What Factors Make Up My Credit Score?
As mortgage brokers, we often find that people are genuinely surprised by their credit score when the time comes to buy a home. Your credit score is what lenders use to gauge your creditworthiness for paying back their loan. Most U.S. lenders use the FICO scoring model. These scores can vary widely from the “educational” scores you might receive from other models represented on popular credit tracking websites.
FICO pulls data from the three credit bureaus (Transunion, Experian, and Equifax) to generate your score. Scores range from 300 to 850, and the higher score you have, the less risky you seem to lenders. Generally, applicants with a FICO score above 760 will receive the best mortgage rates.
Now that you know which model you should be using to determine your credit score, you may be wondering exactly what makes up that all-too-important number. Here’s a breakdown of the different factors that affect your credit score.
1. Payment History – 35%
The payment history on your various accounts is the biggest contributing factor to your credit score. Lenders like to see a long-term picture, usually around 12-24 months, of on-time payments before issuing a mortgage. Keep in mind this standard applies to both credit accounts and installment loans, so they should be given the same consideration for payment.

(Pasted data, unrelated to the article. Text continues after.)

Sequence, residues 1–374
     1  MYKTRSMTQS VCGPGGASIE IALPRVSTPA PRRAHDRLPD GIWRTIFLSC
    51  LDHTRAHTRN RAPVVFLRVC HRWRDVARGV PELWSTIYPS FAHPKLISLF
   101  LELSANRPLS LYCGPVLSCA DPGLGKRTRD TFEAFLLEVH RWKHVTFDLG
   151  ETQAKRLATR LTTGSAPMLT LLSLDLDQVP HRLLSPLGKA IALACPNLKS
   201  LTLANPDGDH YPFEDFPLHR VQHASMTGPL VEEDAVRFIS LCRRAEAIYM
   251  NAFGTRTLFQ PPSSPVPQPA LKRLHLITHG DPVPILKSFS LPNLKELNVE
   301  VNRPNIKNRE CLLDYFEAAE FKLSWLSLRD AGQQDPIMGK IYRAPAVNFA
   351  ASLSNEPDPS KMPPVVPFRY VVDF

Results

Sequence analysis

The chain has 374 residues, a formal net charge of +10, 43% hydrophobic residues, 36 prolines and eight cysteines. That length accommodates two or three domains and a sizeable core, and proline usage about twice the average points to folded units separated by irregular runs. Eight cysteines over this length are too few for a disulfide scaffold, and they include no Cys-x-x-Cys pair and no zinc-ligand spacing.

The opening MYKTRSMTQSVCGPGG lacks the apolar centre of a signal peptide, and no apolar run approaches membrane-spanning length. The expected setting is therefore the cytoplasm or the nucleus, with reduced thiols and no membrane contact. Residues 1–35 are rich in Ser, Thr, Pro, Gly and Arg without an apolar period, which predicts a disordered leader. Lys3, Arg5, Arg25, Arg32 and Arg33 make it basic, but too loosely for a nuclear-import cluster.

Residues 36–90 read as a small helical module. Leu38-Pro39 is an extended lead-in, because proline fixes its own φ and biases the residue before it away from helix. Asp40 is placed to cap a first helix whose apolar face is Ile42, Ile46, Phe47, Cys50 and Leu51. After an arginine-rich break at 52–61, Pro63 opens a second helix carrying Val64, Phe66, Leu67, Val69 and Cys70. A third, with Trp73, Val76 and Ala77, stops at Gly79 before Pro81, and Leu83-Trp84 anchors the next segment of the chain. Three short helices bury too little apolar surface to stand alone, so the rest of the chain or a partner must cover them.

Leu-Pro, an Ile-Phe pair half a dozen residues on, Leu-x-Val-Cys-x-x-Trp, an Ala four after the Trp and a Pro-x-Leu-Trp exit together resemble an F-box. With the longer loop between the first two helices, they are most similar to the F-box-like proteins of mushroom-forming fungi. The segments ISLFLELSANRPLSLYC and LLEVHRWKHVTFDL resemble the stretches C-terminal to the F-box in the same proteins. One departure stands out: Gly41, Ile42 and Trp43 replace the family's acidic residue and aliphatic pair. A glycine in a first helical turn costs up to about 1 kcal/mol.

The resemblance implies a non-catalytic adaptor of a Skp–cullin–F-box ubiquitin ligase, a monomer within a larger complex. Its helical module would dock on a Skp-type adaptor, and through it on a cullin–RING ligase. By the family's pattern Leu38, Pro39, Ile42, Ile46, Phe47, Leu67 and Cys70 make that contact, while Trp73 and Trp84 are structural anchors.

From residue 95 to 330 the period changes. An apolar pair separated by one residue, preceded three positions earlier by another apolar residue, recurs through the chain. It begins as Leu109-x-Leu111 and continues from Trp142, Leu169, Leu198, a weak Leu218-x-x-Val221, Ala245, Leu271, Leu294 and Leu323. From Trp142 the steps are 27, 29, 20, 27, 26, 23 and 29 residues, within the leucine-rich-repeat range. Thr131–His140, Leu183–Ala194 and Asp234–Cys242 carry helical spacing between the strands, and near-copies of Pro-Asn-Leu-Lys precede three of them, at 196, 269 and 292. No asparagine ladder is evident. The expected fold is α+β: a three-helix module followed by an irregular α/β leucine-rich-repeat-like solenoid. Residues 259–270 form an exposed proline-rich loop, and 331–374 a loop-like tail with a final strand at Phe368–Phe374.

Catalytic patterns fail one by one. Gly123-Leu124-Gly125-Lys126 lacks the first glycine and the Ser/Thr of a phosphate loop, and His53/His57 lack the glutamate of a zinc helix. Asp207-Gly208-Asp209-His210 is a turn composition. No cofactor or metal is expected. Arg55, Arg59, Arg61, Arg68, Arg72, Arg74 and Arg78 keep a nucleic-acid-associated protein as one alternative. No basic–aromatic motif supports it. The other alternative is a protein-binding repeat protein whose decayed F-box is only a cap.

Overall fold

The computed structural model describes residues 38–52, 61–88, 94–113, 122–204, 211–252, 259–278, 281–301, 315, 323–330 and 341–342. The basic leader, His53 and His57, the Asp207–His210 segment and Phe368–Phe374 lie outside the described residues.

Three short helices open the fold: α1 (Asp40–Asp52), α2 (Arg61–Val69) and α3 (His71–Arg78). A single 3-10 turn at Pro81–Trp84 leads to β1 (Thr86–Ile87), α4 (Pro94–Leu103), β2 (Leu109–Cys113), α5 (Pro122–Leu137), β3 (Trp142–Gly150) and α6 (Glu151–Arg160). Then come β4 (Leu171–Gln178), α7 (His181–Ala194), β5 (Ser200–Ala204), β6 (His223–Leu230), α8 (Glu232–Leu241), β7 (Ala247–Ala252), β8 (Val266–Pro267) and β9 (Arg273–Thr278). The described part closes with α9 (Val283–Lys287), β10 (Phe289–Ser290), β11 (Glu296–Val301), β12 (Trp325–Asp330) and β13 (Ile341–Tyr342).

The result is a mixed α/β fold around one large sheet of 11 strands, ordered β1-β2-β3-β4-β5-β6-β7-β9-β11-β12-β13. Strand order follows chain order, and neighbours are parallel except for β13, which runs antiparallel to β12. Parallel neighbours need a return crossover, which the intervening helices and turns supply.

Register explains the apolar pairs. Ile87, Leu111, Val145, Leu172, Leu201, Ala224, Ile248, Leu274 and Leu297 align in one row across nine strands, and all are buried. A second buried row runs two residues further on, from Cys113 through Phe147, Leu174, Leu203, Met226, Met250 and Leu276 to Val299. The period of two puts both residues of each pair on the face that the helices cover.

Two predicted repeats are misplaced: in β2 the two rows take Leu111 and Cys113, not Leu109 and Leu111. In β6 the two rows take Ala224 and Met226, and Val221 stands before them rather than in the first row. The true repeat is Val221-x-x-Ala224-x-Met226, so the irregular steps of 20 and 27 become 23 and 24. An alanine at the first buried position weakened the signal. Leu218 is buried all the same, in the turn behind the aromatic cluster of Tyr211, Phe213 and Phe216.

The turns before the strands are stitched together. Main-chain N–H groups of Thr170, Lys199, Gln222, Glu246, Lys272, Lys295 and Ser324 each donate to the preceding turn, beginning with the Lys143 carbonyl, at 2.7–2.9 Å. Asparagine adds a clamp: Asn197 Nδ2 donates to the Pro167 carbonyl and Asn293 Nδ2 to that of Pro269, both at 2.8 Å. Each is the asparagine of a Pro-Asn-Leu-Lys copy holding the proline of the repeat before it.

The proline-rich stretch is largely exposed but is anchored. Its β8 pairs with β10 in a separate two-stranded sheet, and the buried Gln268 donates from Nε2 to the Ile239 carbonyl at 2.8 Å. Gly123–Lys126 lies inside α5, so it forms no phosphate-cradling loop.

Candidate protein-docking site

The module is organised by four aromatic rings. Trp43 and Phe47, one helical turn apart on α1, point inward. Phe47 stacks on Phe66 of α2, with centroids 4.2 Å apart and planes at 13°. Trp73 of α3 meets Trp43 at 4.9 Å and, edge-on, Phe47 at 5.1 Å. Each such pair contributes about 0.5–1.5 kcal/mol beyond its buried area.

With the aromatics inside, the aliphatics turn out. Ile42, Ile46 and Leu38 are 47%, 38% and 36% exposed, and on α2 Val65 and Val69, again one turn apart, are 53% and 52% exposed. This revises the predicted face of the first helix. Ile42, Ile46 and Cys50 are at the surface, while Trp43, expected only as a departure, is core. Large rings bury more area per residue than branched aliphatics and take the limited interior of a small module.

If your credit is struggling, the best way to improve your score is by making the decision to never miss another payment—and sticking to it. Once you can show that you’re serious about making consistent timely payments, lenders will be more likely to work with you, even if you didn’t have perfect credit in the past.
2. Credit Utilization – 30%
Making up nearly one-third of your score, credit utilization is the percentage of available credit you’re using. For example, if you owe $1,000 on a $2,000 credit card, your utilization is at 50%. Typically, lenders recommend using less than 30% across credit accounts, and the lower utilization, the better for your score. Consistently maintaining low credit card balances will help you achieve a better FICO score and show lenders that you can handle debt responsibly.
3. Length of Credit History – 15%
The length of your credit history will have an impact on your score. Your credit report will show how long each account has been opened as well as when it was most recently updated. FICO considers the Average Age of Accounts, also known as AAoA. Their model calculates the average by taking the length of the oldest account and the newest account and dividing that by the total accounts in the individual’s name.
Generally, the longer credit history a borrower has, the better their score will be. However, this doesn’t mean that someone new to credit can’t achieve a great credit score. It ultimately comes down to how you manage the credit given to you. With the right profile of revolving and installment accounts with no missed payments and low balances, it’s possible to earn an excellent credit score in a relatively short period of time.